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Volume 91, Issue 45
Wednesday, November 19, 1997
The London chapter of Mothers Against Drunk Driving is hosting the national kick-off for their largest fund-raising campaign tomorrow in Western's Great Hall.
The ceremony will begin at 10 a.m. with refreshments for participants. Parents of Catherine Newton, a Western student who was killed by a drunk driver in August, will be speaking.
Sandra Thom, a coordinator of the event, encourages more people to help prevent unnecessary accidents such as those involving drunk driving. Western's VP-administration Peter Mercer, who has served as a consultant to the Addiction Research Foundation, will also speak.
Funds raised contribute to educational programs like the red-ribbon campaign, in which 50,000 ribbons for car antennas will be distributed in London to help promote sober driving.
Western's Honour "W" awards, given each month to recognize outstanding contributions to the community through volunteering and extra-curricular activities, were recently presented to four students for the month of September.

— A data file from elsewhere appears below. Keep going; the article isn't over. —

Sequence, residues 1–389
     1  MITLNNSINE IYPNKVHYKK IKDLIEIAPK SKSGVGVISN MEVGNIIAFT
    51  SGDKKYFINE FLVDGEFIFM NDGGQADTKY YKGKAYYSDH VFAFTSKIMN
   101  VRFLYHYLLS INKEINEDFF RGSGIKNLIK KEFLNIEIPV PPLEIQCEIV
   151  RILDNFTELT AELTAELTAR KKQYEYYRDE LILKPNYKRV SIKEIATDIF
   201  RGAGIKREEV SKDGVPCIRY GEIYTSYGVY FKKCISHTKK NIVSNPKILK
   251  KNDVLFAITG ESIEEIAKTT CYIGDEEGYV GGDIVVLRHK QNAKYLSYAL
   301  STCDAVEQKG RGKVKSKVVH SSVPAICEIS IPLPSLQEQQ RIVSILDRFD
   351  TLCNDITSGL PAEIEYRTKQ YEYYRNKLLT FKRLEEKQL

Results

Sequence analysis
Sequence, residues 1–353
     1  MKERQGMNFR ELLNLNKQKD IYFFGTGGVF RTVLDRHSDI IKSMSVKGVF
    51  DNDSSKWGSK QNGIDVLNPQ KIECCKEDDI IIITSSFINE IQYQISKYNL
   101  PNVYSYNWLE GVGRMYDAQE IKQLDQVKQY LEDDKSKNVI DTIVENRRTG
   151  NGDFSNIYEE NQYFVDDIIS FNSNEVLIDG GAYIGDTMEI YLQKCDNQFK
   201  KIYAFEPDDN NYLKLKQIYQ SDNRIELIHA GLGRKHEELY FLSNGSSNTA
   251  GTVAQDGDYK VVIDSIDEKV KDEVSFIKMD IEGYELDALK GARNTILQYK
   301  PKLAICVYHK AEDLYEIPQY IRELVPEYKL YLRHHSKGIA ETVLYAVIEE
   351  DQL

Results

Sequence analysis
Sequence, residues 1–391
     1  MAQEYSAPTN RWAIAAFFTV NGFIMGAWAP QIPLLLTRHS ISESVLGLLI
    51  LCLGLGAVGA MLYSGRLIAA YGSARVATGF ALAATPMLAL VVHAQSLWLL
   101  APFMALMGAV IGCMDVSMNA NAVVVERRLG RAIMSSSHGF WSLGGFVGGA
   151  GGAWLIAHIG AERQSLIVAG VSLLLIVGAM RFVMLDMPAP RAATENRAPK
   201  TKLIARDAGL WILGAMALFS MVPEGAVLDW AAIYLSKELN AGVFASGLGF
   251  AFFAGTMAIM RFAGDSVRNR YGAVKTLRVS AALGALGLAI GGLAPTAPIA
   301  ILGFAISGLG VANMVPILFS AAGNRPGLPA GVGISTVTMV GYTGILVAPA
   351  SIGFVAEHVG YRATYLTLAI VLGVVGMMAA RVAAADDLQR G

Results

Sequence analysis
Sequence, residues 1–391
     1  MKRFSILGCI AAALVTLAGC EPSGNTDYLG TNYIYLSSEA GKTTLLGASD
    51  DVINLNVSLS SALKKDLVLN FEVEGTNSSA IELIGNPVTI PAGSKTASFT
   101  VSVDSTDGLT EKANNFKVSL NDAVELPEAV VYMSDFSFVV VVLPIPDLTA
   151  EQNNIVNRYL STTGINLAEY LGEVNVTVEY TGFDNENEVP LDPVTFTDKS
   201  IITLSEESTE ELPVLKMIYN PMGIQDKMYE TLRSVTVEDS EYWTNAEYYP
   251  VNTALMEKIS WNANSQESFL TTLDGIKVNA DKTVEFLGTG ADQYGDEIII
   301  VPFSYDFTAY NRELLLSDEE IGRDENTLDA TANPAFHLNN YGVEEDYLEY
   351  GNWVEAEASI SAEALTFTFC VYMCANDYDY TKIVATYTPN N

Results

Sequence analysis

Meg Symsyk, VP-student affairs for the University Students' Council, said the awards are significant because they are given to students by their peers. Recipients can be nominated by any student and are selected by the USC Awards Committee.
Cynthia Pierce, a second-year nursing student, was given an award for her charity work each week she helps out at London area soup kitchens. Danielle Marentette, a second-year science student, was rewarded for her role as an outstanding soph during Orientation Week and her position as head of Shinerama activities for Delaware Hall.
Also receiving an award was third-year social science student Sara Daniel for her work on both Shinerama and Homecoming committees. Abe Prabhakar, an honours biology student, was given an award for his involvement as an off-campus head Soph, co-president of the Purple Spur Society, work on the Homecoming parade and participation as a science senator.
Symsyk added nominations for October awards have been extended until tomorrow and by this Friday, students will be able to nominate potential award-winners on the USC web site.
Who are Saul's Siamese twins?
Author John Ralston Saul may have the answer tomorrow night at 7 p.m. in the University Community Centre's McKellar Room. Saul will speak on his book Reflections of a Siamese Twin Canada at the end of the 20th century.
Saul will discuss Canadian ideologies, including nationalism, unity and equality, said Bob Klanac, marketing and services manager for the University Students' Council. Admission is free and a book sale and signing will follow the lecture.
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Copyright © The Gazette 1997